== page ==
Air Force Gen. Philip Breedlove spoke to reporters at the Pentagon on Monday after a spate of tense confrontations involving Russian military aircraft flying in unusually large formations in the airspace of America’s European allies.
“What you saw this past week was a larger, more complex formation of [Russian] aircraft carrying out a little deeper, and I would say a little bit more provocative, flight path,” said Breedlove, NATO’s Supreme Allied Commander Europe and chief of the U.S. European Command.
More than two dozen Russian fighter jets and bombers recently have veered into the airspace of NATO nations from all directions, including the Black Sea to the southwest, the Baltic Sea to the northeast, over Great Britain to the northwest and also over NATO’s southwestern flank along Portugal’s Atlantic coast. In each case, NATO aircraft intercepted the Russian planes and the incident was resolved “professionally,” Breedlove said.
“My opinion is that they’re messaging us. They’re messaging us, you know, that they are a great power and that they have the ability to exert these kinds of influences in our thinking,” Breedlove said.
The Russian air incursions are the latest in a series of aggressive moves that began earlier this year with Russia’s invasion of Ukraine’s Crimea region. In response, the U.S. and its NATO partners have launched a series of exercises and security procedures to reassure the alliance’s newest partners in Eastern Europe.
In October, the U.S. Army deployed 600 U.S. soldiers from the 1st Cavalry Division at Fort Hood, Texas, on a 90-day mission to Eastern Europe. The soldiers are training with M-1 Abrams tanks and Bradley Infantry Fighting Vehicles in Poland, Latvia, Lithuania and Estonia, which Breedlove described as “a first for many of these countries.”
About 68,000 U.S. troops are now in Europe, down from a Cold War-era peak of more than 350,000 in the 1980s.
Breedlove said the current size of the permanent U.S force in Europe is “just right,” but he added that EUCOM will need to supplement that with “an increase in rotational presence” of forces from garrisons back home, including possibly reserve forces.
“Because of the increased pressure that we feel in Eastern Europe now, and because of the assurance measures that we are taking in the Baltics in Poland and Romania, we require additional rotational presence,” he said.
“I believe there is a requirement for rotational forces in the future until we see the current situation begins to normalize,” he said. “What we're looking to do is work with the Army and other services to use their regionally aligned forces — to get them forward, to get their experience forward, to bring that capability to interact with our partners and allies.”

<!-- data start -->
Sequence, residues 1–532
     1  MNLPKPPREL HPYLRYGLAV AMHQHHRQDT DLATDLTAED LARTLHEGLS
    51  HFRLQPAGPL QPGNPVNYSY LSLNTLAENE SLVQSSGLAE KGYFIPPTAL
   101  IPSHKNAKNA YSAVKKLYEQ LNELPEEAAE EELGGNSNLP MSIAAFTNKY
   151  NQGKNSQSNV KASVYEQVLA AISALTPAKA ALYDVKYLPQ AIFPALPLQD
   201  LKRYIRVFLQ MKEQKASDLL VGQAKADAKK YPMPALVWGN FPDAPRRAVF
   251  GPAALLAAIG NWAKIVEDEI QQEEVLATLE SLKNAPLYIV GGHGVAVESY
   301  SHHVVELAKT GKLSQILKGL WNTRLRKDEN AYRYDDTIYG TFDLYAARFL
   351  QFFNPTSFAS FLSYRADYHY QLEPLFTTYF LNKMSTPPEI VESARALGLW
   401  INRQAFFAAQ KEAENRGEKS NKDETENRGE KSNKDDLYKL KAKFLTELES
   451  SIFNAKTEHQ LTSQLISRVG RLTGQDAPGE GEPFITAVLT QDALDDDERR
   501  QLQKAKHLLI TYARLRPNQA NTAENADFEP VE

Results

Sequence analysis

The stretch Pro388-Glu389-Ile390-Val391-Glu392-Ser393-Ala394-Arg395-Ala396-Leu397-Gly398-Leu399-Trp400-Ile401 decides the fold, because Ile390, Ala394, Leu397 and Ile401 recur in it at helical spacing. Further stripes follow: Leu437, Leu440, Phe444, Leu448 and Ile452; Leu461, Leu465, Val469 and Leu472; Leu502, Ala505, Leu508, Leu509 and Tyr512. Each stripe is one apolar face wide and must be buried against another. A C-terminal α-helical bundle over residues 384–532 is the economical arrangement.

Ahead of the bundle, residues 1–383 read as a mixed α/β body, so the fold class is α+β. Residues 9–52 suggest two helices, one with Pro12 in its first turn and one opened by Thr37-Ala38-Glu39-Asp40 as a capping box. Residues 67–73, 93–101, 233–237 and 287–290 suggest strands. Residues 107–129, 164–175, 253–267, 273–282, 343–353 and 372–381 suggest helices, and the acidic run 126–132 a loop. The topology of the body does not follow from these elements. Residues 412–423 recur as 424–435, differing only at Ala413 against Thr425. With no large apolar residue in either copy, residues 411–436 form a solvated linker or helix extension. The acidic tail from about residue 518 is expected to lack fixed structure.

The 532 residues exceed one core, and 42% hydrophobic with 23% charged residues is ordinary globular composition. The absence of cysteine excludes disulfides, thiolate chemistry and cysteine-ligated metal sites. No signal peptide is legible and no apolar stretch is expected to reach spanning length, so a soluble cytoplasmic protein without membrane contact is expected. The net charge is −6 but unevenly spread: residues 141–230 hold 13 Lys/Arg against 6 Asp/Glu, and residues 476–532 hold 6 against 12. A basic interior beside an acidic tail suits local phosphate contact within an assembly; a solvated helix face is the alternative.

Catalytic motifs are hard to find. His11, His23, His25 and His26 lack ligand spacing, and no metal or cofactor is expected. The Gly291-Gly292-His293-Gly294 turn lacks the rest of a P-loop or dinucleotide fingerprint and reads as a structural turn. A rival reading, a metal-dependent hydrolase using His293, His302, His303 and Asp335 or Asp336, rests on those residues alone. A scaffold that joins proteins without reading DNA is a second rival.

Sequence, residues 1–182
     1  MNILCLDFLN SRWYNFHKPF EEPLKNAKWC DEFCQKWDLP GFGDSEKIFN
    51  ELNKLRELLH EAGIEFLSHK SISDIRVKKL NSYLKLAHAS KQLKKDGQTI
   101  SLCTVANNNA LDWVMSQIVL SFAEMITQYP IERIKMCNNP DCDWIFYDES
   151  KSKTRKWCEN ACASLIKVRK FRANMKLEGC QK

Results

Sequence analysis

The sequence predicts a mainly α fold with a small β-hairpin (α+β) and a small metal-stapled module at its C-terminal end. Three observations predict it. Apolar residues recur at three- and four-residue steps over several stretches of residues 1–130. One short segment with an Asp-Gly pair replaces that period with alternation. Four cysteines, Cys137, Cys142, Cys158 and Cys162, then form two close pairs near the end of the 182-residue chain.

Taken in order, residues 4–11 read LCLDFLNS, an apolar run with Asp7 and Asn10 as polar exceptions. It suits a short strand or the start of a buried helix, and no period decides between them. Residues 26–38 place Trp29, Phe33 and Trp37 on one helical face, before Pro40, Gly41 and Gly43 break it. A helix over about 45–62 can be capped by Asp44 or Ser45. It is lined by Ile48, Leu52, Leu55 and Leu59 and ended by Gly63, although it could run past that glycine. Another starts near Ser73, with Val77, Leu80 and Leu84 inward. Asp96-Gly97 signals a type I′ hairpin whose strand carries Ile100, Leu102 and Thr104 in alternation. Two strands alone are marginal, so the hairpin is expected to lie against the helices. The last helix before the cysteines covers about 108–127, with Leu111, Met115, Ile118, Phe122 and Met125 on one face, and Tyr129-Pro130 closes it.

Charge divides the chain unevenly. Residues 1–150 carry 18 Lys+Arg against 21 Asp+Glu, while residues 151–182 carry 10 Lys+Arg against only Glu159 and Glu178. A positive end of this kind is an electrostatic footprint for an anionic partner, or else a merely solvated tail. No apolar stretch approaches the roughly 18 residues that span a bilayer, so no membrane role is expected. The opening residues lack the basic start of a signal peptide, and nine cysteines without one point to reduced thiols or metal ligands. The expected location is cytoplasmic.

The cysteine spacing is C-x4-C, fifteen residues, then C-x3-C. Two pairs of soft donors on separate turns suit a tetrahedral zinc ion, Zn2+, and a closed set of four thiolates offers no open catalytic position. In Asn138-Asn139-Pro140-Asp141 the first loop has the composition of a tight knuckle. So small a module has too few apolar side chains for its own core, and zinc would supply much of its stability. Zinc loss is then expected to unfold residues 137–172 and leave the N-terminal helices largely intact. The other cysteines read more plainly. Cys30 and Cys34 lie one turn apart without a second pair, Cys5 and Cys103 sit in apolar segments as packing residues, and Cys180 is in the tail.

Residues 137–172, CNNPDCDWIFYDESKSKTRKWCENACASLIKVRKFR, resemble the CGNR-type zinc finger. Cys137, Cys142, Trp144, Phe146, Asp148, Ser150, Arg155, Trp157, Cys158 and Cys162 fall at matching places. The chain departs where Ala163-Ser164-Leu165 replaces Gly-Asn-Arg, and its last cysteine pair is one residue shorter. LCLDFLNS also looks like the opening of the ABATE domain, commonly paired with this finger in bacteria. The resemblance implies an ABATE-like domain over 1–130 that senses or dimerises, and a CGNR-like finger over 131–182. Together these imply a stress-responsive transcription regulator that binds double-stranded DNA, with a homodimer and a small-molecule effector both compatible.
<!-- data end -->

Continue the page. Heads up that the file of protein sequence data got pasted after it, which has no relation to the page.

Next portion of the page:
Breedlove also suggested that more reservists may be deploying to Europe. He is working with the National Guard Bureau “to keep a strong pressure on our state partnership programs, which are absolutely key and essential to what we do in Europe,” he said.
The details of any future troop commitments are under discussion inside the Pentagon now as the top officials finalize the fiscal 2016 budget request that will be sent to Capitol Hill early next year.
In addition to potentially more people, Breedlove said he wants to deploy more heavy military weaponry and equipment that would improve EUCOM’s ability to respond to a crisis and surge combat power if needed.
“I am having discussions with the service chiefs about the possibility of forward-based equipment and supplies, as the Army calls them, ‘activity sets’ … in order to give us a more responsive capability if we were to need it in the future,” Breedlove said.
The first “activity set” arrived in Europe in January when the Army returned a battalion-sized fleet of Abrams tanks to Germany’s Grafenwoehr Training Area. The Army deactivated its last armor brigades in Europe in 2012.
Additional Army “activity sets” could be paid for through the European Reassurance Initiative that President Obama announced earlier this year, but Congress has not yet approved a defense budget for this year so that money is not yet available.
Breedlove is eager to draw the U.S. military’s resources back to Europe after years of cutbacks, but that is a challenge at a time when Islamic extremists are advancing across the Middle East and many top military officials want to focus attention on the Pacific and the rapid increase in China’s military spending.
In this year’s annual internal Pentagon budget battle, Breedlove is trying to stave off further cuts to the shrinking U.S. force in Europe under plans that were drawn up before Russia’s recent wave of military aggression began unexpectedly earlier this year.